The first African American to be appointed to New York State's highest court, the Court of Appeals, Judge Harold Stevens was known as one of this nation's most outstanding jurists.
Harold Arnoldus Stevens was born on October 19, 1907, on a 1,000-acre farm owned by his father on John's Island, South Carolina. He graduated from Benedict College in Columbia, South Carolina. After being rejected from the then-segregated University of South Carolina Law School, Judge Stevens enrolled in Boston College Law School and received his law degree in 1936. He had decided to pursue a career in law ten years earlier, after an incident in which a black woman and her two brothers, accused of killing a sheriff, were dragged from the jail in Aiken, S.C., towed through town behind a car, shot and mutilated. He later reflected on that incident and said, "There was no voice of protest raised. Then I was inspired to study law because it was our best bet to eliminate things like this."
Having been admitted to the Massachusetts Bar, Judge Stevens began practice in Boston in 1936. Two years later, he moved to New York City. In the early 1940s, he was a counsel to the Brotherhood of Sleeping Car Porters and the Provisional Committee to Organize Colored Locomotive Firemen, and he was appointed by President Roosevelt to the Fair Employment Practices Committee. Judge Stevens was also a veteran of World War II. After the war, he was elected to the New York State Assembly in 1946, representing the old 13th Assembly District of Manhattan, and served two terms.
Justice Stevens's judicial career and "string of firsts" began in 1950, when he was elected to the New York Court of General Sessions, becoming the first African American to sit on that bench. In 1955, he was appointed by Governor W. Averell Harriman to the New York Supreme Court to fill a vacancy and was elected to a full, fourteen-year term later that year, becoming the first African-American Supreme Court Justice in New York State. Stevens was appointed by Governor Harriman to the Appellate Division, First Department, in 1958, becoming the first African-American Associate Justice on the Appellate Division bench; and in 1969, Governor Nelson Rockefeller designated Justice Stevens as Presiding Justice of that Court, another first for an African American.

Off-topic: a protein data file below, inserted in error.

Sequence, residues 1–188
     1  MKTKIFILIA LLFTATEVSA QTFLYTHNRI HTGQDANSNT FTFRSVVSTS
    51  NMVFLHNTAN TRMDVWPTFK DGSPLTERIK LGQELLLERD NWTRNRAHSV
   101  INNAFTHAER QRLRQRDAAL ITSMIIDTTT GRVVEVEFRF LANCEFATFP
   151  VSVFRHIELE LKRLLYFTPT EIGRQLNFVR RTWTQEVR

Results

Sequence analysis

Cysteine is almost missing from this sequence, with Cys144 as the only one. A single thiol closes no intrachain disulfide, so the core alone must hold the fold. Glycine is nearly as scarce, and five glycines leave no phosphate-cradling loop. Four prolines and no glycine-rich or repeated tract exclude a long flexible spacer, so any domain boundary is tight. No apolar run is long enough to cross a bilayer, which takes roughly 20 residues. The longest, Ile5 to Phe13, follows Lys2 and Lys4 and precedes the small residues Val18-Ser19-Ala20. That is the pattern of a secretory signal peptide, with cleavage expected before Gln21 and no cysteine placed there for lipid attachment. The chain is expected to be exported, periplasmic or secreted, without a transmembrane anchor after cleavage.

In January 1974, Governor Malcolm Wilson appointed Justice Stevens to the New York Court of Appeals to fill the vacancy caused by the election of Charles Breitel as Chief Judge. This gave him the highest rank of any African American in a state judicial system; he was the first African American to hold a seat on the Court of Appeals. Later that year he ran on the Republican, Conservative and Liberal tickets for a full term, but was defeated by Democrat Jacob D. Fuchsberg. And so, in 1975, Judge Stevens returned to the Appellate Division and resumed his post as Presiding Justice. He retired from the bench two years later. As a judge, Justice Stevens created "sentencing panels" to review cases to avoid sentencing disparities that often reflected differences in race and economic status. As Presiding Justice of the Appellate Division, Stevens was the guiding force behind a program to build new courthouses.
Justice Stevens was active in the community as well, as a former President of the Catholic Interracial Council and a member of the Board of Trustees of the Catholic Charities of the Archdiocese of New York. A convert to Catholicism, Justice Stevens received from Pope Pius XII the Pro Ecclesia et Pontifice award, recognizing outstanding service to the Pope and to the Church. In addition, he received numerous honorary degrees as Doctor of Laws from the University of South Carolina, Fordham University, Benedict College and Creighton University.
Justice Stevens was married to Ella Clyde Myers Stevens. The couple had no children. He died on November 9, 1990, at age 83.
Bernard S. Meyer, Burton C. Agata & Seth H. Agata, The History of the New York Court of Appeals, 1932-2003, Columbia University Press, New York, 2006, pp. 29-30.
The Judges of the New York Court of Appeals, A Biographical History, Albert M. Rosenblatt [ed.], The Historical Society of the Courts of the State of New York, New York, 2007, pp. 753-759.
Obituary, New York Times, November 11, 1990, p. 40.